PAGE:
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Computational and Mathematical Methods in Medicine
Volume 2016, Article ID 8979070, 14 pages
http://dx.doi.org/10.1155/2016/8979070
Research Article

Development of Magnetorheological Resistive Exercise Device for Rowing Machine

Mechanical Engineering Department, Mechanical Engineering and Design Faculty, Kaunas University of Technology, Studentu 56-302, LT-54214 Kaunas, Lithuania

Received 30 December 2015; Revised 24 March 2016; Accepted 11 April 2016

Academic Editor: Guan H. Yeoh

Copyright © 2016 Vytautas Grigas et al. This is an open access article distributed under the Creative Commons Attribution License, which permits unrestricted use, distribution, and reproduction in any medium, provided the original work is properly cited.

Abstract

Training equipment used by professional sportsmen has a great impact on their sport performance. Most universal exercisers may help only to improve the general physical condition due to the specific kinematics and peculiar resistance generated by their loading units. Training of effective techniques and learning of psychomotor skills are possible only when exercisers conform to the movements and resistance typical for particular sports kinematically and dynamically. Methodology of developing a magnetorheological resistive exercise device for generating the desired law of passive resistance force and its application in a lever-type rowing machine are described in the paper. The structural parameters of a controllable hydraulic cylinder type device were found by means of the computational fluid dynamics simulation performed by ANSYS CFX software. Parameters describing the magnetorheological fluid as non-Newtonian were determined by combining numerical and experimental research of the resistance force generated by the original magnetorheological damper. A structural scheme of the device control system was developed and the variation of the strength of magnetic field that affects the magnetorheological fluid circulating in the device was determined, ensuring a variation of the resistance force on the oar handle adequate for the resistance that occurs during a real boat rowing stroke.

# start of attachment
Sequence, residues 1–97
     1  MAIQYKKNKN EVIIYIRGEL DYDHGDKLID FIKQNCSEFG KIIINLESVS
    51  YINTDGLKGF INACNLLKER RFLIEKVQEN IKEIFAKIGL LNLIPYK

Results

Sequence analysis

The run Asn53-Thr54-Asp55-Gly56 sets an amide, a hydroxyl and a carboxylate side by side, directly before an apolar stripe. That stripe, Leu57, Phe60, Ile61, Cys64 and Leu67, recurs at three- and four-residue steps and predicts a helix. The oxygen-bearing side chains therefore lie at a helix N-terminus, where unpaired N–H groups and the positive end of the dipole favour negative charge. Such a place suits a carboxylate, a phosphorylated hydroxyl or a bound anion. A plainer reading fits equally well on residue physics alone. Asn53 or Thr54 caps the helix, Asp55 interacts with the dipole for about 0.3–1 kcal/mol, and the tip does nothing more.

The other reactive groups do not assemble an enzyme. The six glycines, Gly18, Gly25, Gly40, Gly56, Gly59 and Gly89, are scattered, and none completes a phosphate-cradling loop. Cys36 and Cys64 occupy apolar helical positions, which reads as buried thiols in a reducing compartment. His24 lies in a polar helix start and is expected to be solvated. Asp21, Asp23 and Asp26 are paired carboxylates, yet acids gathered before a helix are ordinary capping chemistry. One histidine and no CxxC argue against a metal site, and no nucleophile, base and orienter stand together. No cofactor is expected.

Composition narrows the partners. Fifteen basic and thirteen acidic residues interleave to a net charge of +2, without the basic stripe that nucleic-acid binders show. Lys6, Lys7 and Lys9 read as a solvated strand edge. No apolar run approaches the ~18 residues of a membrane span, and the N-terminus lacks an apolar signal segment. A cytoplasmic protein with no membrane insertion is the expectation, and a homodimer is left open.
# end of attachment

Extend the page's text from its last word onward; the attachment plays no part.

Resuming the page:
1. Introduction

A lot of universal technical equipment, such as rubber bands and dumbbells or computerized exercising machines, is commonly used for training general physical condition (strength and endurance). In order to train/improve such specific features as the technique and coordination of movements or psychomotor skills, special exercisers should be employed. In this case, not only the nominal size of the resistance to the athlete’s movements set prior to exercising, but also the kinematics of movements and variation of the resistance force during the stroke are important. These aspects of training are considered in specialized exercisers, simulating movements and loads that are specific to the particular sports (rowing, e.g.) and for rehabilitation purposes or testing the physical condition by means of dynamometers ensuring special modes like isokinetic, isotonic, and so forth [13]. Such special modes may be realized only by sophisticated and expensive computer-controlled electromechanical or electromagnetical devices, such as isokinetic dynamometers. Therefore, the vast majority of exercisers can only ensure a possibility to choose the nominal resistance level before starting to exercise (e.g., by selecting the proper size of the weight stack, stiffness of the rubber band, or the resistance level of the adjustable hydraulic cylinder type dampers). As a result, the variation of the resistance force during the exercise cycle depends on the kinematics of the exerciser and the athlete’s efforts, the acceleration, range, and speed of movements.